I recently searched the web for the words “unicorns high tech” and found an entry in Wikipedia listing 495 start-ups with a combined valuation US$1.57 trillion as at November 2020.
I am currently working with an amazing and unique start-up in the fin-tech world where we too are hoping to become a Unicorn. What is this fixation about a legendary creature with a single large horn projecting from its forehead?
In a publication dedicated to the tech world, I am sure you are expecting me to tell you all about our start-up, and in time I will be delighted to do so.
But for now, I would like to take you back five or six years ago to the beginnings, firstly to the heat, shimmering blue skies and yellow grass of Africa and another creature with a single large horn projecting from its forehead.
The roughly whitewashed sticks and stones, so reminiscent of bones in the dust, were a totally unexpected sight. Yet seeing them on my afternoon game drive in Madikwe, near the Botswana border in my country of birth, South Africa, provoked such profound emotions.
Surprisingly, it was not the anger at the poachers, nor the dismay that my grandchildren may never see a rhino in the wild. It was the painful recognition that I would drive past the temporary memorial to rhinos lost and do nothing about it.
Years later, in anticipation of the birth of my first grandchild, I began chronicling a series of bed-time stories I had made up in the 90’s for my twin daughters. And as those painful emotions resurfaced, it struck me that perhaps I was not helpless, and could play a tiny role in educating our children and grandchildren that once the “last of its kind” is lost, something priceless and loveable is gone for good.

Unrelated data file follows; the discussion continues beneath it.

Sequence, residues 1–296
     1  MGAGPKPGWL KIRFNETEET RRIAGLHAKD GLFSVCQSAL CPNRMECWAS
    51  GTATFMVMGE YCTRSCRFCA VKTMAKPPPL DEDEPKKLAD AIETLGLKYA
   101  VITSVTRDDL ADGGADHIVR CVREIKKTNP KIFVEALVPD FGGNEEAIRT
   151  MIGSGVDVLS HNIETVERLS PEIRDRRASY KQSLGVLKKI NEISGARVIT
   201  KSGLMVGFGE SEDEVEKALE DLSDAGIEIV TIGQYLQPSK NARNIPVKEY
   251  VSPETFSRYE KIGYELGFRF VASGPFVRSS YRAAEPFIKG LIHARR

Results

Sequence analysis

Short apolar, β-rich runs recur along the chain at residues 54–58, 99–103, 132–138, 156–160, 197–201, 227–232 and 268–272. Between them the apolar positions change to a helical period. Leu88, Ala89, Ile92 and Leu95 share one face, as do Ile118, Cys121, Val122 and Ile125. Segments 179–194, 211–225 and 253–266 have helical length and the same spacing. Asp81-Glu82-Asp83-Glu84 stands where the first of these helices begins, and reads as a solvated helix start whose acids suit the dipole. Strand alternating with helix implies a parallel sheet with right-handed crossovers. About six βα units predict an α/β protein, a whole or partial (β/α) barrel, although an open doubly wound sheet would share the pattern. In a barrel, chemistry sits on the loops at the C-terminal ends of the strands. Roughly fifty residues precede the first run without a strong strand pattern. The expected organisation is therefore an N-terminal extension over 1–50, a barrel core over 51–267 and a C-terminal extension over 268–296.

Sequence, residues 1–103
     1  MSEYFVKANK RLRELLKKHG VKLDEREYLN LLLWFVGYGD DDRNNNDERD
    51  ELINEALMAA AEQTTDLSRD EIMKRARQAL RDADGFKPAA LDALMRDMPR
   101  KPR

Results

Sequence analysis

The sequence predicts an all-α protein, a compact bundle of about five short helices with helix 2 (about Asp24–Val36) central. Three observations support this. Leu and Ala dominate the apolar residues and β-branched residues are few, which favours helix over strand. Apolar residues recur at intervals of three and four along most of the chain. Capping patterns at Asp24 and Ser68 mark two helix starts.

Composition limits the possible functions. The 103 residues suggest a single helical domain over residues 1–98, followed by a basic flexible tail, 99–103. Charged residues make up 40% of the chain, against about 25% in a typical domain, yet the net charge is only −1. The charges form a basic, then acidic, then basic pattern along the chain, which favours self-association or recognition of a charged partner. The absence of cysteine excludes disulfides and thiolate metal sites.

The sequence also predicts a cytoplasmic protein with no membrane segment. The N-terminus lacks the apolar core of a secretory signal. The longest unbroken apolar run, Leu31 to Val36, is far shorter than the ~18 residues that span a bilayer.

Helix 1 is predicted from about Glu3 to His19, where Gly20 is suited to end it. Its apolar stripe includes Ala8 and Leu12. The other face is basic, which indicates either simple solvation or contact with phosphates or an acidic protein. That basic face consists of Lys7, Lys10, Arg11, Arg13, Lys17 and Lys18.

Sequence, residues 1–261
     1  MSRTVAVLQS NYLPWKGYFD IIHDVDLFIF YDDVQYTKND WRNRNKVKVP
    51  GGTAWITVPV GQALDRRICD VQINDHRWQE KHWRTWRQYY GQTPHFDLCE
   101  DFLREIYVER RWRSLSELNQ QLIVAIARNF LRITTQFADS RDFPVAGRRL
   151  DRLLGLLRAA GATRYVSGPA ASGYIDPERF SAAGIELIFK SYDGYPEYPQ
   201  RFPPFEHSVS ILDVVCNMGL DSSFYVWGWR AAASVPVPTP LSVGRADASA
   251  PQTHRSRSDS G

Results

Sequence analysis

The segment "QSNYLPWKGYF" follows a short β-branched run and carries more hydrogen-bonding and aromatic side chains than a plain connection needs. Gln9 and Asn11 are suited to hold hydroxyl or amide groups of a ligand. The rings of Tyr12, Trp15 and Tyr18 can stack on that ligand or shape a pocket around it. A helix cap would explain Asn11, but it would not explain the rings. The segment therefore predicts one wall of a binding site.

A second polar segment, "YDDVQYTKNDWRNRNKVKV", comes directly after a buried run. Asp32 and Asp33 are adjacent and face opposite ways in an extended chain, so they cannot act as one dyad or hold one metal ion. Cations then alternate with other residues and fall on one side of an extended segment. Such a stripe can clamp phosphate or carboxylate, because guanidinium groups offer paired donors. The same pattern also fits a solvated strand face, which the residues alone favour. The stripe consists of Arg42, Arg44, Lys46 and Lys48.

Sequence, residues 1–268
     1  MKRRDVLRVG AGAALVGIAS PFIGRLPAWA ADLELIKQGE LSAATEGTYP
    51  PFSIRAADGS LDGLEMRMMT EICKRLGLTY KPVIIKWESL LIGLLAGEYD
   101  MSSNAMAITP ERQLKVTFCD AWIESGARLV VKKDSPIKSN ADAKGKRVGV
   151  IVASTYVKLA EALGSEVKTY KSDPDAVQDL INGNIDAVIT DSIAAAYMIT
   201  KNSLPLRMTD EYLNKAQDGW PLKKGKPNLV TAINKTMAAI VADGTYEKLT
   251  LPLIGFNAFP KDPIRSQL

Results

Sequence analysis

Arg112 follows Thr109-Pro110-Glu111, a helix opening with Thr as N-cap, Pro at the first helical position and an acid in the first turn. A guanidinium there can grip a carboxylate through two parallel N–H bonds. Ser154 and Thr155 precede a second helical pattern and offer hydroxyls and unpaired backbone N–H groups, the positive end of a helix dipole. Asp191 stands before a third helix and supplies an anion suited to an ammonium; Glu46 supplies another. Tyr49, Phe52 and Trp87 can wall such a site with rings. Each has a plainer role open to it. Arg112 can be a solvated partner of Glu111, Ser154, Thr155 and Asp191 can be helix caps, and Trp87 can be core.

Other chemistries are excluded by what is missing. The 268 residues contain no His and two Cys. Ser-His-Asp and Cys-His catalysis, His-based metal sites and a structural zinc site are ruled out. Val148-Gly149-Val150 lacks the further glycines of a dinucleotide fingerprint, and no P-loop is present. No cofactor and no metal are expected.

In September this year, after 2.5 years behind the camera and photo-shop and learning as fast as I could all about Amazon print-on-demand my first book in the series “The Mazimba Berry Tree, Best Friends” was finally published on Amazon.
This was a true start-up for me with so many twists and turns, all the “alphas” and “betas” and late nights, passionately driven by the smell of a dream and caffeine.
But is has been so satisfying for me.
Readers have told me that it is unique and beautiful in the way that it employs a montage of real photographs taken in Southern Africa to tell a gentle and enchanting story. It is based around a magical tree which is the “last of its kind” and introduces 42 different animals and birds within an authentic African environment. Two wildlife charities, “Helping Rhinos” and “The Wilderness Foundation” have their logos in the book and will benefit from its royalties.
In a recent tabloid article, my little book was sandwiched between photographs of Prince William and Sir David Attenborough promoting his wonderful documentary “A Life On Our Planet” and I am so thankful at last to be adding my small voice to this clarion call.